Uniform Commercial Code - S.2781/H.7210 SubA – Public Law Chapters 66 and 65 provide amendments to the Uniform Commercial Code for emerging technologies. This 112-page law took effect June 10, 2024.  https://webserver.rilegislature.gov/PublicLaws/law24/law24066.htm

    Taxation Issues:

    Delinquent Tax Filings - S.3056/H.8055 – Public Law Chapters 150 and 148 allow the Division of Taxation to share certain information with the Secretary of State’s office.  If an entity fails to pay its business corporation taxes or fees, the Division can notify the Secretary of State and the Secretary can, after notice, revoke the corporate charter or authorization to conduct business.  The law takes effect January 1, 2025.   https://webserver.rilegislature.gov/PublicLaws/law24/law24150.htm 

    Taxation of S.3152 SubA/H.7927 SubA – Public Law Chapters 159 and 158 allow a financial institution to elect to be taxed under the combined reporting single sales factor test like many another multi-jurisdictional businesses in Rhode Island.  https://webserver.rilegislature.gov/PublicLaws/law24/law24159.htm 

    Government Economic Development Issues:

    Economic Development Plan - S.2043 SubA/H.7246 SubA – Public Law Chapters 194 and 193 add climate change, sea-level rise, and coastal resiliency to the analysis of data of the strategic plan for economic development policy. This act would also change the number of members of the economic development planning council from 17 to 19 by adding the director of the department of environmental management and the executive director of the coastal resources management council.  https://webserver.rilegislature.gov/PublicLaws/law24/law24193.htm 

    Abandoned Property Publication - S.2992 SubA/H.7986 SubA as amended – Public Law Chapters 246 and 245 require each municipality to create and publish a list of all abandoned properties within the city or town.  The list must be placed on their websites starting April 2, 2025.  The law also makes changes to the procedure for the sale of abandoned property.  https://webserver.rilegislature.gov/PublicLaws/law24/law24246.htm 

    Industry Specific Issues: 

    Home Inspectors - S.2120 SubA/H.7015 SubA – Public Law Chapters 210 and 209 ban anyone, other than a licensed electrician, from testing wires, conduits and apparatus which includes fixtures, lighting, etc. This new law means, a potential buyer’s home inspector is no longer able to inspect switches, lights, or look at a panel to alert the buyer to potential problems.  However, there is conflicting law that states an electrical inspection may be undertaken by a home inspector.  The Department of Labor and Training will have to decide whether to rescind a home inspector’s license for conducting such inspections.  If the answer is yes, buyers, should they wish to have the dwelling’s electrical system included in an inspection, will need to hire a licensed electrician to perform the inspection – within the customary ten-day inspection period.  The law takes effect January 30, 2025.  https://webserver.rilegislature.gov/PublicLaws/law24/law24210.htm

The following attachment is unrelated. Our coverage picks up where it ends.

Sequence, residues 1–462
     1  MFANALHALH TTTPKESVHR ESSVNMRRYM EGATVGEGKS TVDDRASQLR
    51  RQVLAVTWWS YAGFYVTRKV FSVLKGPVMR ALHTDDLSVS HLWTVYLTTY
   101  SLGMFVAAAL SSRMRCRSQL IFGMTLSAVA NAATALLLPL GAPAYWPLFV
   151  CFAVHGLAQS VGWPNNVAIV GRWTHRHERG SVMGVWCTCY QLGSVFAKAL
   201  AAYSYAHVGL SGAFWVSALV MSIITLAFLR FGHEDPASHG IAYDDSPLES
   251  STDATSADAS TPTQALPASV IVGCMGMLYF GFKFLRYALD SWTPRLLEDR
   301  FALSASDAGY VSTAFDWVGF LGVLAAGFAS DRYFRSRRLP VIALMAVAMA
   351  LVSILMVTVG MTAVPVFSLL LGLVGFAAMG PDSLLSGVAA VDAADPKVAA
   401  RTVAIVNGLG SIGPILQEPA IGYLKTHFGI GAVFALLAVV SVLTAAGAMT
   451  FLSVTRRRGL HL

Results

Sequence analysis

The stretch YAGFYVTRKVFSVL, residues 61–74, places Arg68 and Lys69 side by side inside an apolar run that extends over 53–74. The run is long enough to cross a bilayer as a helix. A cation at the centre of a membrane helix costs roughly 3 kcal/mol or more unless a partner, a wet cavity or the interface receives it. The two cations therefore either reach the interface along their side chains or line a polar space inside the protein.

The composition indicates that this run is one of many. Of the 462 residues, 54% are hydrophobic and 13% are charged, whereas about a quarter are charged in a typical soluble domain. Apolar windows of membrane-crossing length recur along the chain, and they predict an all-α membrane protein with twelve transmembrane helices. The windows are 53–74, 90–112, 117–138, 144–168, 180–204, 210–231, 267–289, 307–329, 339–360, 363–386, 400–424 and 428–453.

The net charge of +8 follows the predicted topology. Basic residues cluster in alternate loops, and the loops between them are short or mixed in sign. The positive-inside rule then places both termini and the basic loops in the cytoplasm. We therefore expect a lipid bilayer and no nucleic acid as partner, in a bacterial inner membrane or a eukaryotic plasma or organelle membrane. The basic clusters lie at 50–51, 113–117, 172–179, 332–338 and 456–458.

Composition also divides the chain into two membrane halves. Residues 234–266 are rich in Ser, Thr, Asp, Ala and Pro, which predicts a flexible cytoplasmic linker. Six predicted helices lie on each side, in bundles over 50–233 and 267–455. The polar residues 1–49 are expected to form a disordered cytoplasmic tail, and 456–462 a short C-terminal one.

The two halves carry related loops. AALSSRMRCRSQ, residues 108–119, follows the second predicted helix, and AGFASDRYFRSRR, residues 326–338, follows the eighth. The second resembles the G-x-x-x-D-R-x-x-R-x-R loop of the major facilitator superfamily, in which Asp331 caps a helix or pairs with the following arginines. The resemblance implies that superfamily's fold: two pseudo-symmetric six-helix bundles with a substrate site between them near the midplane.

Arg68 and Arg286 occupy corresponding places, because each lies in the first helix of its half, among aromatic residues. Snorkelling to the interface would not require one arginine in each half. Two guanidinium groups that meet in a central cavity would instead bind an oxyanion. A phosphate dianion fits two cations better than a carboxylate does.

Independent Contractor Filing - S.2472 SubA/H.7837 SubA – Public Law Chapters 198 and 197 clarify existing law.   The law calls for independent contractors to file annually with the Department of Labor.  A similar law passed last year and became effective January 1, 2024.  The court reviewed the statute and determined the language required further revision to clarify the intent of the Act.  This new law specifies that independent contractors must file annually for each client in order to be legally considered an individual contractor.  The process is simple.  To file DWC-11-IC form online, go to:  https://dlt.ri.gov/workers-compensation/independent-contractors  If you are a company that hires independent contractors, the Chamber encourages you to verify the form has been filed.  The link to the public law is not yet available, however the final version of the bill can be viewed at: https://webserver.rilegislature.gov/BillText/BillText24/SenateText24/S2472A.pdf